However, police began to take a serious interest in such amateur footage only in the wake of the London riots in 2011, according to Guy Dehn, a barrister who is behind Witness Confident, a charity that encourages the public to report more crimes.

“The power of ‘crowd sourcing’ is something the police are recognising as the future,” he says. “You can see how effective it was during the London riots, when police encouraged people to send amateur footage of rioters to them so they could use it to identify criminals. Video from cars is a logical next step. As more people now have compelling evidence, the police and courts need to make it easier for witnesses to use it.”

Yet to many people the growth in the use of cameras to capture the misdemeanours of others is unsettling. Critics say it is creating a climate of fear, where even minor mistakes are recorded by an invisible army of curtain twitchers. “If this is being used to catch serious offenders then it is a good thing, which will keep our roads safer,” says Paul Watters of the AA. “The problem is if everyone is spying on everyone else you could see a flood of prosecutions and fines for relatively minor misdemeanours or genuine mistakes.”

Police say they are merely following government guidelines when they encourage motorists to report dangerous driving. In a 2010 report entitled Policing in the 21st Century: Reconnecting Police and the People, Theresa May, the home secretary, said: “It is not just the state that can cut crime. The role of the public has been clear since Sir Robert Peel stated ‘the police are the public and the public are the police’. Individuals and neighbourhoods with active citizens can help prevent crime and antisocial behaviour and help the police to keep their area safe.”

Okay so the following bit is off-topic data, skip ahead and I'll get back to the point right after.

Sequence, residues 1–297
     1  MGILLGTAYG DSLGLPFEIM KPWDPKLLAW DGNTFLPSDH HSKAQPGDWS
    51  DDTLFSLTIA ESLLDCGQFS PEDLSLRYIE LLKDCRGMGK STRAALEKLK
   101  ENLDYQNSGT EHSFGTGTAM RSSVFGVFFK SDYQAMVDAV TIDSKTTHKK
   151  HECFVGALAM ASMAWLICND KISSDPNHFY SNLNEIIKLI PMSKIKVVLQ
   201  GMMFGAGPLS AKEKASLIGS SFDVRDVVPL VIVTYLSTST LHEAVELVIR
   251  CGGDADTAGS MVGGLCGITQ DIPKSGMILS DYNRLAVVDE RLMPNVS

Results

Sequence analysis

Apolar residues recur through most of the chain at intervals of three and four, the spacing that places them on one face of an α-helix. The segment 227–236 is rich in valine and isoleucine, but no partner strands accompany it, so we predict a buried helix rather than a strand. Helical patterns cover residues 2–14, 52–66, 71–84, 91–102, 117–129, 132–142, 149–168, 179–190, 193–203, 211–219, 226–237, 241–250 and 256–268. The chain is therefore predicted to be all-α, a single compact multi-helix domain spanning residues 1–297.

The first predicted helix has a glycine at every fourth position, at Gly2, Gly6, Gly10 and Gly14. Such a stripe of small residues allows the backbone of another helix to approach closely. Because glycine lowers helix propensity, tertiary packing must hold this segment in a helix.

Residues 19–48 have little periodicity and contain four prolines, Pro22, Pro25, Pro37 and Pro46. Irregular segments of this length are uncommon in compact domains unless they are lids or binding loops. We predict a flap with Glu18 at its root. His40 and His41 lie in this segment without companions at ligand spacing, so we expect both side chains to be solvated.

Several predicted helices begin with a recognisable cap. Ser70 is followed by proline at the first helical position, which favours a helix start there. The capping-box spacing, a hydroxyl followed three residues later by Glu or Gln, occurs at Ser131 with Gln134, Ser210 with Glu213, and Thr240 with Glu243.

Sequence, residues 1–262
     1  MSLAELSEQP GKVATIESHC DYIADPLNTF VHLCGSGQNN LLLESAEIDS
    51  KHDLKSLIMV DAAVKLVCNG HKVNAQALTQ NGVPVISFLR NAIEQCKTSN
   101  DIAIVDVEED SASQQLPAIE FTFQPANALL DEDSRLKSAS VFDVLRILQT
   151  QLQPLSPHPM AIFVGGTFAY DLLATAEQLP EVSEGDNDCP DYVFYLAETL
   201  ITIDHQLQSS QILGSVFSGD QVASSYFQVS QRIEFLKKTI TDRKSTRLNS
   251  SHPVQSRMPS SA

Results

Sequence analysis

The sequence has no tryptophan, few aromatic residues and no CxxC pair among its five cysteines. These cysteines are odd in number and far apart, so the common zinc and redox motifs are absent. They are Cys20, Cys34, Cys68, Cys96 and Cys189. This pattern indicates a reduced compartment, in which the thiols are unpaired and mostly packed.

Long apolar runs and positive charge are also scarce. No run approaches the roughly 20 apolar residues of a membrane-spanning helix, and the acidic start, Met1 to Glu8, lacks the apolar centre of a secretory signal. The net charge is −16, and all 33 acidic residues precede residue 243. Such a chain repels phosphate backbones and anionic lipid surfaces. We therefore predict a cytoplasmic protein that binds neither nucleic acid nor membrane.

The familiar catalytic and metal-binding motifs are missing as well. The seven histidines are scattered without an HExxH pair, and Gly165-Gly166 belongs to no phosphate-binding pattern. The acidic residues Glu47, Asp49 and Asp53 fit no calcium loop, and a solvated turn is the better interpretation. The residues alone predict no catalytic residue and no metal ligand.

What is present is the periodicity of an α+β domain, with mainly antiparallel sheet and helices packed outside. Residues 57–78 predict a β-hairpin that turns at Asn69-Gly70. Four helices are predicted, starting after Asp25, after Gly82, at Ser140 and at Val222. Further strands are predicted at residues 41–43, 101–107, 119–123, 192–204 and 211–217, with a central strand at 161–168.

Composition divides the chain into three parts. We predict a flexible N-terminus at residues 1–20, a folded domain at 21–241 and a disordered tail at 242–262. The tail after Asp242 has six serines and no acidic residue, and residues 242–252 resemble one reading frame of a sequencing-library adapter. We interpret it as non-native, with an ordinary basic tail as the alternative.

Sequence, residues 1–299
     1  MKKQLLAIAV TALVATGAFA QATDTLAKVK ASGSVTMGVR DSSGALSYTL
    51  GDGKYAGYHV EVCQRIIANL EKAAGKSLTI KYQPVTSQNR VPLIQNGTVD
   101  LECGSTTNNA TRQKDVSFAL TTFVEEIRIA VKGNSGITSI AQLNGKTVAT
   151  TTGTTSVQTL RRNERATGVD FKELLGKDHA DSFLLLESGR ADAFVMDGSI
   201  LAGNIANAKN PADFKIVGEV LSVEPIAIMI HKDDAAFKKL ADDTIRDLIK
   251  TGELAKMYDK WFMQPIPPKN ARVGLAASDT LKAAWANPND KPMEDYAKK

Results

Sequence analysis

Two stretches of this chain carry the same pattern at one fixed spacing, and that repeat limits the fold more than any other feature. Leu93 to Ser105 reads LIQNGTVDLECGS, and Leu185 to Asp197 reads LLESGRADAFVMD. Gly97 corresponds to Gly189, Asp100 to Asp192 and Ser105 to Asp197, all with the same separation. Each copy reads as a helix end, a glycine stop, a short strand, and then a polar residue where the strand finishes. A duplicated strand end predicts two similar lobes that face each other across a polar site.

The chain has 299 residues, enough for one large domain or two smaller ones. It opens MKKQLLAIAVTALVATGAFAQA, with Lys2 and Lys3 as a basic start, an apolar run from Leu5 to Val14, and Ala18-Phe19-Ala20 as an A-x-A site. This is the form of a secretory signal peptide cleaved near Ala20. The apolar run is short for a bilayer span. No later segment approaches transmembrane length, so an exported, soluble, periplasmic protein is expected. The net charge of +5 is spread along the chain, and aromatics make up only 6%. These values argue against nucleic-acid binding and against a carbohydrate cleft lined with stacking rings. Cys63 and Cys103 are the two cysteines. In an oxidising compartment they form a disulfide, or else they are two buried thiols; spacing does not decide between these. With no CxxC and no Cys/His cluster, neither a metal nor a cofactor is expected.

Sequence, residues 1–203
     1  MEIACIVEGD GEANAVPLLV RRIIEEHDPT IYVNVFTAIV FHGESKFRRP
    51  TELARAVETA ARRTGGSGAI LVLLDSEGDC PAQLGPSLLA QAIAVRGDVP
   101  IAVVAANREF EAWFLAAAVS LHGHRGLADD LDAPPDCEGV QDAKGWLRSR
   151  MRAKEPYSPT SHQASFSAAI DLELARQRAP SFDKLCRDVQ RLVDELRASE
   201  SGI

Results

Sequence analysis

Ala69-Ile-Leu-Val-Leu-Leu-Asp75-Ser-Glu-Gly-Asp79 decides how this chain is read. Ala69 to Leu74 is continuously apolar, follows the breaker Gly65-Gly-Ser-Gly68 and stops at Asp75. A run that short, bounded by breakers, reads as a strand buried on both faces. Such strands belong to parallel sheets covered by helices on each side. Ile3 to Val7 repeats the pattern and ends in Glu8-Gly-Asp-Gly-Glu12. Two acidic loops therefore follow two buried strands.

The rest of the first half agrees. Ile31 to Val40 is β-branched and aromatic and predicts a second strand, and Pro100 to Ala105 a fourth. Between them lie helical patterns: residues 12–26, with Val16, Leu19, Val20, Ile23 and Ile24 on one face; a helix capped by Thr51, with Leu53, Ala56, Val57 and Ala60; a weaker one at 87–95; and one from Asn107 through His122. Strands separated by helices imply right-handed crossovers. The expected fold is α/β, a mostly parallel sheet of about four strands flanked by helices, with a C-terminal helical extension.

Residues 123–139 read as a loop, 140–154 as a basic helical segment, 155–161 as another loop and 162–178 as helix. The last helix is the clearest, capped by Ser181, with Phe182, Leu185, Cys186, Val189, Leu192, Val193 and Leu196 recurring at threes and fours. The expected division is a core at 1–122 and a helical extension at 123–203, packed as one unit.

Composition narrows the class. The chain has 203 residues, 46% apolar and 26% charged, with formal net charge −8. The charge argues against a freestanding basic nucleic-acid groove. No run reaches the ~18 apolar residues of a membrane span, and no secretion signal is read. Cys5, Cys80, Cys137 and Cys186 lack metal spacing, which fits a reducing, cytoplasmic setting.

Matt Stockdale, the co-founder of the Police Witness website, says the police are grateful for any help they can get. Forces are already wondering how they are going to use their powers to issue new fixed penalty fines for offences such as tailgating, lane hogging and undertaking at a time when traffic police numbers are falling. The latest Home Office figures reveal that there are 4,675 dedicated traffic officers on roads in England and Wales, down 4% from last year, when there were 4,868.

“We act as a filter because police don’t want to receive thousands of videos of what people perceive to be offences,” says Stockdale, whose website charges a £59.99 annual membership fee (free for anyone buying a camera from the site). “But it also helps prevent road rage. Instead of getting mad at a driver, motorists with a camera can feel a sense of satisfaction — they can just smile, wave and deal with it later. We’re not talking about vigilantes: just people who care about their own property and who want to travel safely.”

How do drivers who report other motorists see themselves? “I’m not a wannabe police officer,” says Warren, who drives a Volkswagen Caddy van. “I’m just fed up with being cut up and seeing dangerous driving. If I was a vigilante, I would have reported dozens of drivers by now for speeding or minor mistakes. But I’ve only reported the one driver: he could have killed someone if they had been waiting in the middle of the road to turn right.

“If the cameras make these drivers think that they might get caught if they drive dangerously, then that’s fantastic.”


Taking action

Drivers with a dashboard camera who spot a motorist breaching the Highway Code can send footage directly to a police force or report the incident through a dedicated website such as Police Witness.

Police Witness asks for the incriminating evidence to be uploaded to YouTube using secure settings so only individuals with a specific link can view it.

The person uploading the video fills in an online form on the Police Witness site describing the incident and giving the secure YouTube link.

Staff at Police Witness review the evidence and if it is thought that it could support a prosecution, the relevant police force is identified and the footage sent to it.

The person who filmed the incident may be contacted by police and asked to provide a witness statement.

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by TTWpartners